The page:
(Post 86 of 233. Thanks again to those who participated in the Fundrazr!)
So as way of background, I was in Quebec for most of my life. The Quebec healthcare system failed me at every turn. I’ve never had a checkup or any sort of history with a doctor. Because of how oversaturated the system is there, most people have to rely on walk-in clinics for their medical needs. That would involve getting in line at 5 or 6AM and sometimes waiting all day to see a doctor, only to be dismissed as a hypochondriac. If I got referred for a blood test, I never knew if results had been received or if the test simply got lost because there was never any follow-up. I tried off and on for years to get tested for hypothyroidism and digestive issues and never got anywhere. The only thing I ever got out of that hot mess of a lack of healthcare system was a breast reduction, and the amount of self-advocating I had to do to finally get referred to a plastic surgeon was shameful (I’m so tired of old male misogynistic doctors who “know better” than women).
I finally left Quebec in 2008. By 2011, I was off the initial high of setting off on my adventures and my symptoms were back — I was mired in a depressive episode, perpetually exhausted, cold-intolerant, and more. I was not doing well at all. Since I was settled in Alberta for the foreseeable future, I got Alberta healthcare and, lo and behold, found a family doctor! But while he did indulge me with a sleep apnea study, like every doctor I’d met in my life in Quebec, I was dismissed as a hypochondriac when it came to my hypothyroid symptoms. I gave up.
A decade passed. The symptoms that led me to that Alberta doctor persisted. I pushed through life, saving my energy for what mattered, letting go of the rest, and became increasingly strict with my diet and exercise routines as I began to struggle to maintain my weight at a healthy level. I reached a breaking point this past month of feeling like utter crap while doing everything “right.” I was also concerned with the fact that I was starting to have disordered thoughts around food and eating. With the house purchase imminent, I knew I needed to improve my stamina for work, but there was so much trauma associated with dealing with doctors that also I knew that if I didn’t go to the right one, that would be it for me. Never, ever again.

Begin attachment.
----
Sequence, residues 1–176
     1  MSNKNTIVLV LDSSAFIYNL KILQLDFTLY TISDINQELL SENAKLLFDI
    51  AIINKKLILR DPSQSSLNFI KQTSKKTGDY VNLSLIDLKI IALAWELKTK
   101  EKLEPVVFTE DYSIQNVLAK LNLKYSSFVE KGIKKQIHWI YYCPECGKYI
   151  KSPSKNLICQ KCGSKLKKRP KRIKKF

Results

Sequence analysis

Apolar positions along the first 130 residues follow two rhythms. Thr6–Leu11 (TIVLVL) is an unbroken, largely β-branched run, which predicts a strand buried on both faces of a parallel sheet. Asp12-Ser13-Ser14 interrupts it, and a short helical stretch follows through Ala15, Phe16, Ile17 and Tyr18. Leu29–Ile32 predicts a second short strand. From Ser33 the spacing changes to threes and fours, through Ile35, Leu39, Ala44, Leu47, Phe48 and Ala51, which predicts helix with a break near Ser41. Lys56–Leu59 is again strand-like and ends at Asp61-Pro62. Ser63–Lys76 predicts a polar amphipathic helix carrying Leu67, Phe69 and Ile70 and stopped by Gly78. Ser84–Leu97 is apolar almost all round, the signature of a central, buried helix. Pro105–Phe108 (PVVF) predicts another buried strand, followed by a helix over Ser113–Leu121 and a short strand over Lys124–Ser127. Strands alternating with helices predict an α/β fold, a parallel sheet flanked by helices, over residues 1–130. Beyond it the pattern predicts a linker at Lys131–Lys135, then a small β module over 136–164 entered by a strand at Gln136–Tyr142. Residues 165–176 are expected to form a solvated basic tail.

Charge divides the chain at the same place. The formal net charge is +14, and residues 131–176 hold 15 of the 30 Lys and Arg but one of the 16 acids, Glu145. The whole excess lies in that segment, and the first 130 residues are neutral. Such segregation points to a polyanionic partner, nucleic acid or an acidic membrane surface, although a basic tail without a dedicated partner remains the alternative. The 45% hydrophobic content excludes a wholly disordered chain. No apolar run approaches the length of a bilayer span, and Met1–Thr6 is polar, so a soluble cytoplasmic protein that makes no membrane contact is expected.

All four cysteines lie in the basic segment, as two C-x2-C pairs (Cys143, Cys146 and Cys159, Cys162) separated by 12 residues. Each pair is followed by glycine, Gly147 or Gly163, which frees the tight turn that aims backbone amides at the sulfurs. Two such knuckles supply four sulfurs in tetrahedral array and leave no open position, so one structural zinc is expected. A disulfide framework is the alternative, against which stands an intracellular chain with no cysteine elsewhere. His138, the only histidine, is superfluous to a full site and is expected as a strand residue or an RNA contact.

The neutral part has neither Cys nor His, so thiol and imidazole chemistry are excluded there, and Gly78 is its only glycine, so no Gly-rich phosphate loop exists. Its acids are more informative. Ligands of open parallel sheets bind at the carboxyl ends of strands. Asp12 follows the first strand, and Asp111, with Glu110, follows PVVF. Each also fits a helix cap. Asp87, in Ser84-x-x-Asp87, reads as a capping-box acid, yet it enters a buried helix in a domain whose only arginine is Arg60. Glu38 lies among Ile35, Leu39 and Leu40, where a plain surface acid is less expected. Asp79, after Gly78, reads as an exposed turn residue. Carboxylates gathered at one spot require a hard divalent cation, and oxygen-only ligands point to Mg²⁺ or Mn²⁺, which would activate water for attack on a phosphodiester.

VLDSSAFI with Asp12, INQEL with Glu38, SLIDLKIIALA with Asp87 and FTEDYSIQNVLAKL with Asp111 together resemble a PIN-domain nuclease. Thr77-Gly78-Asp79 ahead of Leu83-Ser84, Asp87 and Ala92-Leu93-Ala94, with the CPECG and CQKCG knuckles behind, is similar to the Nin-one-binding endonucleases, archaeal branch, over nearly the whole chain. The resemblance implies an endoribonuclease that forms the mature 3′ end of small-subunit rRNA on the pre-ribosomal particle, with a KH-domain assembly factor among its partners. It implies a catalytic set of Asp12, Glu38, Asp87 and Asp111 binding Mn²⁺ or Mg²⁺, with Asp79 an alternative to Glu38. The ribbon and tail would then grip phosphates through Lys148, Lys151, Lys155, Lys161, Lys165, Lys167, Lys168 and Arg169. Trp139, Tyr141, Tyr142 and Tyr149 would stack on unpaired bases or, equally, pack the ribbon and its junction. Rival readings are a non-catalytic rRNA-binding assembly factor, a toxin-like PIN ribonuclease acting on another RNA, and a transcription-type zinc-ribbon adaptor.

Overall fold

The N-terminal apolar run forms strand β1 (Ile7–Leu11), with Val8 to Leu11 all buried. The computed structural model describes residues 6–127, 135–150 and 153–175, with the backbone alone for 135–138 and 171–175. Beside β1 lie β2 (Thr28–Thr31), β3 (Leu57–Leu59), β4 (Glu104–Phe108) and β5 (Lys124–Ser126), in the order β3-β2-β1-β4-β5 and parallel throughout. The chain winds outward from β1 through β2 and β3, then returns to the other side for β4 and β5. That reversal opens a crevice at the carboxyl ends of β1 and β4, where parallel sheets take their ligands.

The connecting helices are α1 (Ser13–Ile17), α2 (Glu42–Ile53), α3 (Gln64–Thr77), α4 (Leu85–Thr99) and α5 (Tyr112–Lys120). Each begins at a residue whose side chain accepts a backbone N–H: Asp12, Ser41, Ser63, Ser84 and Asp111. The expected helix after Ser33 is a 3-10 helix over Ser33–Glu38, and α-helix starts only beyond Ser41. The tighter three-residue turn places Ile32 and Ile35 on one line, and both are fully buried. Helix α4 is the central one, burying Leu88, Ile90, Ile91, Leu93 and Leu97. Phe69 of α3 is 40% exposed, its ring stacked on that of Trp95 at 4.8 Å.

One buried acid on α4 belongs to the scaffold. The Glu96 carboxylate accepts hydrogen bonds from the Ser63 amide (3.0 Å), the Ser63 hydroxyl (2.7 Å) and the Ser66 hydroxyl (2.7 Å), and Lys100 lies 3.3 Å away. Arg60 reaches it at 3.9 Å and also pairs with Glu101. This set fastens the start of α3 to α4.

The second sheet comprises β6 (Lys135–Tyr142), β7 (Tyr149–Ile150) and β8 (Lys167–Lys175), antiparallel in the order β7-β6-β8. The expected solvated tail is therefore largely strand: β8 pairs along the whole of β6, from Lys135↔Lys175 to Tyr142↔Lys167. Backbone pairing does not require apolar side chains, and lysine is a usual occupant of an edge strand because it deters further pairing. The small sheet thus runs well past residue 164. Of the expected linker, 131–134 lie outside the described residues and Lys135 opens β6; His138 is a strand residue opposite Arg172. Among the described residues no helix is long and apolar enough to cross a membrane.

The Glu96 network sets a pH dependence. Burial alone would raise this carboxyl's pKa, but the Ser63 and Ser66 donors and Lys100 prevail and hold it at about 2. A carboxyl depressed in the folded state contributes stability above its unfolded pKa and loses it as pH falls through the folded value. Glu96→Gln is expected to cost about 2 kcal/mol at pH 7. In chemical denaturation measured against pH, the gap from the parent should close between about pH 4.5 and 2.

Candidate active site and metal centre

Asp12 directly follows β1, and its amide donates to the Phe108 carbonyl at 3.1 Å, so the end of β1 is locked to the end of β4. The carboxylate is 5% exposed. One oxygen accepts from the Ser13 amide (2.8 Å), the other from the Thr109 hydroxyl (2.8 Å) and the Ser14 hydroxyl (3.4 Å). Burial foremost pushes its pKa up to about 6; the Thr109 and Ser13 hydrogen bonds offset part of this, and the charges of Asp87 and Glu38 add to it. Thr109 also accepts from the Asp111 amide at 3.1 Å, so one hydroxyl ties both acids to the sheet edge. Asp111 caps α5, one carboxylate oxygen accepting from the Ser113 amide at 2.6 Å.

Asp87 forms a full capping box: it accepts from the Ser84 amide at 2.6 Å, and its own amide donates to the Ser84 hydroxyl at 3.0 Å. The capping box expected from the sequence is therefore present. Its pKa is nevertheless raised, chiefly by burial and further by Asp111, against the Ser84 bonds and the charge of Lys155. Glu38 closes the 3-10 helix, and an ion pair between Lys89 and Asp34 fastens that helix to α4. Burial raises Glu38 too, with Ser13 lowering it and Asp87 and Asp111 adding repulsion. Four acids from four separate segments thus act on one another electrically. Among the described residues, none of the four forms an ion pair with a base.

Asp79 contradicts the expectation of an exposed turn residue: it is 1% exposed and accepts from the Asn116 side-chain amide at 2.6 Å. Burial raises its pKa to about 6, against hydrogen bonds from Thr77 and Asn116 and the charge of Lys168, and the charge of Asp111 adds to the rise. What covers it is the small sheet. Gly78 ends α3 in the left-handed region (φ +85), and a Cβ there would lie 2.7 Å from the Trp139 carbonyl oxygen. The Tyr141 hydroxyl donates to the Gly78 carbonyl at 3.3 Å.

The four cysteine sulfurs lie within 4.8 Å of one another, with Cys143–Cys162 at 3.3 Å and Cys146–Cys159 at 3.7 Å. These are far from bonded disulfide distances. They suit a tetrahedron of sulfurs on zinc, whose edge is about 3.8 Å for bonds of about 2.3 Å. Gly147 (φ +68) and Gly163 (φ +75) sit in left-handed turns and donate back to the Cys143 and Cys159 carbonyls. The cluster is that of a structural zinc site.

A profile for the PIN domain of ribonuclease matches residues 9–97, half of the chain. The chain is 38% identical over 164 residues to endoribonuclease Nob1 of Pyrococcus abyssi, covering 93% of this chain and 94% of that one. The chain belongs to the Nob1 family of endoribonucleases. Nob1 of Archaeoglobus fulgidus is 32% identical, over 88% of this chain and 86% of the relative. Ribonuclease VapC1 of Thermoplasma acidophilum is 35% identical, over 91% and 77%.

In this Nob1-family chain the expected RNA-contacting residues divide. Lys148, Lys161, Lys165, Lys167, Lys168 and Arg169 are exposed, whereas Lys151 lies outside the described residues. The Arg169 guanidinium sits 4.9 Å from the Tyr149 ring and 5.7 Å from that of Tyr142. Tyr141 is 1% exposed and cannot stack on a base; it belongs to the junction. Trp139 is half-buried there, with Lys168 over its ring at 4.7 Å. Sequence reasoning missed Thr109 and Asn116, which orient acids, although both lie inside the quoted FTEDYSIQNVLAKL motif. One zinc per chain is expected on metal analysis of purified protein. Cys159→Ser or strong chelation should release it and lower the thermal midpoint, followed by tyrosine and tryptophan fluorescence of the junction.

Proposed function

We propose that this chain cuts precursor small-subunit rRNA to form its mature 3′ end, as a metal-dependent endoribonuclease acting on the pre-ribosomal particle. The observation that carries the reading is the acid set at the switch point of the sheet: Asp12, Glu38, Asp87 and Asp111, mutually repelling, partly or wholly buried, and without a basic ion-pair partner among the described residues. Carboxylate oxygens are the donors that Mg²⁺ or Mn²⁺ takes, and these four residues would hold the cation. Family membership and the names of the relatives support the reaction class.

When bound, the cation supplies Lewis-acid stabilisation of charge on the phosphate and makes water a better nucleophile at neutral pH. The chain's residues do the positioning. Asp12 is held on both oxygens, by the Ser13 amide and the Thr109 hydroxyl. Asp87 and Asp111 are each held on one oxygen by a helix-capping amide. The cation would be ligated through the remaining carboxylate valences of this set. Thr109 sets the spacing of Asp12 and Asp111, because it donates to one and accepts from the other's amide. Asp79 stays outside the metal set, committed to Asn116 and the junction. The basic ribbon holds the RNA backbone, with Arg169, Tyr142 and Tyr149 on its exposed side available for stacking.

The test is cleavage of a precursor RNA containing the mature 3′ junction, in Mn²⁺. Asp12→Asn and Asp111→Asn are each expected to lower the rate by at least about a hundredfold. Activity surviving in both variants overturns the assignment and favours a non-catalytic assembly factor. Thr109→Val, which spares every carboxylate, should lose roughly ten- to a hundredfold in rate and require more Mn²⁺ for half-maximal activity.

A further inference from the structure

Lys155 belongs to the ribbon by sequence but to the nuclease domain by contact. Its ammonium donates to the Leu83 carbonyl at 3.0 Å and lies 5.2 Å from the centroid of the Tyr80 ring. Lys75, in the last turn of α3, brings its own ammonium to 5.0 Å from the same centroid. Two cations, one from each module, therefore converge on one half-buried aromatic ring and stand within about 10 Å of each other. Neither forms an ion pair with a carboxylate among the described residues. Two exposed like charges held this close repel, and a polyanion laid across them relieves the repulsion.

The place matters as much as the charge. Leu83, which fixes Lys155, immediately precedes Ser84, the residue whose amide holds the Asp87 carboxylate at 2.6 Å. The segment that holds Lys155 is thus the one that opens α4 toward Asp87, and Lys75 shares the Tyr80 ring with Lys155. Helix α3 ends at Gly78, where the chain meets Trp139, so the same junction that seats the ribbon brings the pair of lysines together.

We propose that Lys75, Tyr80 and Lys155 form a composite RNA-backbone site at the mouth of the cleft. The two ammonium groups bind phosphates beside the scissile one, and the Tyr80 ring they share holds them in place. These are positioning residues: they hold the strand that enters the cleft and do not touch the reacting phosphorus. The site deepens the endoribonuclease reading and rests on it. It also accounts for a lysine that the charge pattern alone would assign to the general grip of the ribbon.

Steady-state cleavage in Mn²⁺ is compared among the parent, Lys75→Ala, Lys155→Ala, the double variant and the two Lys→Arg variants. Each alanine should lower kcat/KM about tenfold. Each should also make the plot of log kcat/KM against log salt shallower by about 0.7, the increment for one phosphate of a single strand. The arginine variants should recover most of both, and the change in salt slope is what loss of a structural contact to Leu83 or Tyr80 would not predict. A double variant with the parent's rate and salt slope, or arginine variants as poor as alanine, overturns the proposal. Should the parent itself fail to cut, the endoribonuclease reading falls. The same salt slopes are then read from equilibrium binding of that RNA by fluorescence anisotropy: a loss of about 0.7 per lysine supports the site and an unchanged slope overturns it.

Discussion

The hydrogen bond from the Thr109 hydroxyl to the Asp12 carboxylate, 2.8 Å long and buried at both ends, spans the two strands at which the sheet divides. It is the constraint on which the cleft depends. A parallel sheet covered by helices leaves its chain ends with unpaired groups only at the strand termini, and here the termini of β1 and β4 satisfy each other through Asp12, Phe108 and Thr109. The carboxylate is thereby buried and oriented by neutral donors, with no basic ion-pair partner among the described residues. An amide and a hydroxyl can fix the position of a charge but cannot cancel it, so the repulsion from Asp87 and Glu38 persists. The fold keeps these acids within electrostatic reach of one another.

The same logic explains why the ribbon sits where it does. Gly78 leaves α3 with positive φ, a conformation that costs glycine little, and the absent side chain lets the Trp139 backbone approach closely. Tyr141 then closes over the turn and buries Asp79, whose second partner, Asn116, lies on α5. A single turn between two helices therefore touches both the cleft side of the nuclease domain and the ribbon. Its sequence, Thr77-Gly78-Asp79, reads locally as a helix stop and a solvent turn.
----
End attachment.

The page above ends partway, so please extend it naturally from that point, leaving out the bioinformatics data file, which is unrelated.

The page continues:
So I got a referral from some friends and went to see Dr. E with iron and thyroid level results.
(As a side note, just getting blood work here is like magic. There’s a lab right across the street from me that I go to regularly to check my iron levels as I have problems with anemia. I can leave the house at 7AM, be home by 7:30, and the results are in my inbox by 5PM. Wow.)
Dr. E looked at the test results and said that everything was normal, as they always were when I went to see a doctor in Quebec and Alberta. There, normal test results mean the patient is a hypochondriac.
Here, it means the doctor will dig deeper. What are you experiencing? How is this? How is that? He finally ordered me a whole battery of tests and said that worst-case scenario, everything was going to be normal. Best-case scenario two of the results were going to come back as meaning I had pituitary gland issue that was exhibiting the same symptoms as hypothyroidism. He was so confident in his best-case scenario diagnosis that he prescribed me the necessary medication (levothyroxine, same as for hypothyroidism) and told me to start taking it after the tests were done, even before we had a chance to go over the results together.